Here's a lovely recording by the Collegium Vocale Gent under the direction of Philippe Herreweghe, featuring counter-tenor Andreas Scholl. Enjoy!


Photo © 2017 by A. Roy Hilbinger 

Thursday, March 16, 2017

Aftermath

Some interesting sights from the aftermath of Tuesday's snow, caught while running errands about town (and out my window) this morning.

Icicles just outside my study window
A friend of mine and his "crew" made a snowman in his front yard
Hmmmm... The umbrella worked!
© 2017 by A. Roy Hilbinger 

Tuesday, March 14, 2017

Finally! Real Snow at Last!

We had no Winter this Winter. Until now, when it's almost Spring. Yes, we finally got a decent snow last night and this morning, about a foot (30.5 cm) when I was out in it taking pictures. Of course I went over to the Dykeman Spring Nature Park! And got some shots in town as well. C'mon along and look at our snow-covered scenery.

The gazebo across the street from my house
Branch Creek at King St.
A Robin in the snow, along the Dykeman Walking Trail
The creek in the Dykeman Spring wetland from the red bridge
The view of the creek from the new bridge
My usual Sunday pew, buried in snow today
© 2017 by A. Roy Hilbinger 

Sunday, March 12, 2017

Sunday Bach - Second Sunday in Lent

Stormy Weather, October 2006
As mentioned last week, Bach wrote no cantatas for Lent other than two for the third Sunday, so I've gone diving into the vaults to look for something written for an occasion outside the liturgical calendar. What I found was Bach's first cantata, written in 1707 while he was organist at St. Blaise church in Mühlhausen. This is BWV 131, Aus der Tiefen rufe ich, Herr, zu dir, "Out of the depths I cry to thee, O Lord", from Psalm 130. From musicologist Gerhard Scuhmacher:
"Aus der Tiefen rufe ich, Herr, zu dir (BWV 131) is Bach's earliest extant cantata. The reference at the very end to the commission: 'Set to music at the request of Dr. Georg Christ. Eilmars by Joh. Seb. Bach, organist at Mühlhausen,' also indicates some tension there: Eilmar was the parish priest at St. Mary's, Bach was organist at St. Blaise. Like the 'Actus tragicus' (BWV 106) this cantata was written in 1707, presumably for a penitential service after a fire. The chamber music texture of the orchestration - one violin and two violas (one written in alto clef, the other in tenor clef) indicates the link with the music for the gamba; the scoring is completed by an oboe. As far as the form is concerned, there are no independent arias, recitatives or, except for the rather old-fashioned sinfonia, extended instrumental movements. The structure and arrangement are conditioned by the work's origin in the motet and sacred concerto. It is fascinating to observe, with hindsight, that the particular musical quality of this (probably) first cantata is the result of a desire for symmetry and the conflict between the 'no longer' of the motet and sacred concerto on the one hand, and the 'not yet' of the later cantatas on the other.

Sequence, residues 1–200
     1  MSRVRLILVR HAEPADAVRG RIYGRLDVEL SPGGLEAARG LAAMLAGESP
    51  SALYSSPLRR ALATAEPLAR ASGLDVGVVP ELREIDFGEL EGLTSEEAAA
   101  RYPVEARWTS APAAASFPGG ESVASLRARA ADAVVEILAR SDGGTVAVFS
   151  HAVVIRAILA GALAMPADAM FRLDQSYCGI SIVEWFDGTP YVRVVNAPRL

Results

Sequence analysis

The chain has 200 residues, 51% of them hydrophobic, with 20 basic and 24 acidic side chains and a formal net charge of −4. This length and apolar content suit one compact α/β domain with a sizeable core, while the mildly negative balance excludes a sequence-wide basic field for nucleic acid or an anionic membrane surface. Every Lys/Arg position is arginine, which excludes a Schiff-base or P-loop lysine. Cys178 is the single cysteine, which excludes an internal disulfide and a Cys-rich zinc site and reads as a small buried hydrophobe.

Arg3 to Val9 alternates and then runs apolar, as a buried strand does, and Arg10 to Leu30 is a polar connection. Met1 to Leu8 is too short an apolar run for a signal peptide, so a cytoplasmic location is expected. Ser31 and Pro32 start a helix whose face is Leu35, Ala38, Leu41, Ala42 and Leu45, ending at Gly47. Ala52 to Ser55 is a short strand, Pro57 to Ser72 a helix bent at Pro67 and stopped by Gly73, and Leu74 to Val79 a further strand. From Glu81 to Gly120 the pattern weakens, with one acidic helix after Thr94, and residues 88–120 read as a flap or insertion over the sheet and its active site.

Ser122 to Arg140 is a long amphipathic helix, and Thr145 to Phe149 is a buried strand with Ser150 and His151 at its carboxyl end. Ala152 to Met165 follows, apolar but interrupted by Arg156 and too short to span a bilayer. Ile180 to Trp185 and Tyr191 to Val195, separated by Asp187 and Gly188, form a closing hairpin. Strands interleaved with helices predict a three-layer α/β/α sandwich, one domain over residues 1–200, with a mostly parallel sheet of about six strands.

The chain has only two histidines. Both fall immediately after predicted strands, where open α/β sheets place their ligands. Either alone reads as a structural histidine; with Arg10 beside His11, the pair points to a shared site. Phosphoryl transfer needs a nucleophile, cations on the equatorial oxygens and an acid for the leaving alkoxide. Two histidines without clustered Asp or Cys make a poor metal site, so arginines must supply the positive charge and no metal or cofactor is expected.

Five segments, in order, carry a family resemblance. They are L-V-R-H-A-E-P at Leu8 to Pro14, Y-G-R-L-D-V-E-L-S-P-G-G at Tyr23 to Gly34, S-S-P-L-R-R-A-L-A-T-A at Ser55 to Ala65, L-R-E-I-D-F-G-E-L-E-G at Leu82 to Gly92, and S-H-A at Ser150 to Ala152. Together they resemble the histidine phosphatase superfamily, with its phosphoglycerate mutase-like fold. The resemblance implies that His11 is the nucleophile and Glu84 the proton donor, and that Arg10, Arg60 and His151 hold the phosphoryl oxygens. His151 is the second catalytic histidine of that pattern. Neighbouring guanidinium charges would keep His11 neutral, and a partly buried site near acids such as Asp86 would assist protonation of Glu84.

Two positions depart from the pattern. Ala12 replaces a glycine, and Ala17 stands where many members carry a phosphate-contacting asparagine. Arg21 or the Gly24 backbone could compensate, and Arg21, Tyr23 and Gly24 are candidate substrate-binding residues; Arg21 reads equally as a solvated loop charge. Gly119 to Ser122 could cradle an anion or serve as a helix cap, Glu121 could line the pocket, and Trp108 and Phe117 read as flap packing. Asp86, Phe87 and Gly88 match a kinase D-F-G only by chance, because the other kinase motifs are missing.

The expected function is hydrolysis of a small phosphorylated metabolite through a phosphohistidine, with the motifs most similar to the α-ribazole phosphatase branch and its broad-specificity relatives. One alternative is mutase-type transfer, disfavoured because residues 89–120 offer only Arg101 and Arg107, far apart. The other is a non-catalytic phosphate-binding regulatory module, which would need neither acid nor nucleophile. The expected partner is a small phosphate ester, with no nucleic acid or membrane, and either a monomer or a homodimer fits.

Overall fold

Here is an excellent interpretation from Philippe Herreweghe directing the Chorus and Orchestra of Collegium Vocale Gent in 1992. Enjoy!


Photo © 2006 by A. Roy Hilbinger 

Friday, March 10, 2017

A Little More Snow

We got a little more snow this morning. Not much, just 2 or 3 inches, and very wet; it didn't stick to the roads or sidewalks. And now, about 4 hours after I shot these photos, the snow is pretty much gone. Winter is winding down, and the Vernal Equinox is a scant 2 weeks away. But it may not be over yet; there are signs we may get a nor'easter next week. We'll see. Meanwhile, here are some views of this morning's snow.






© 2017 by A. Roy Hilbinger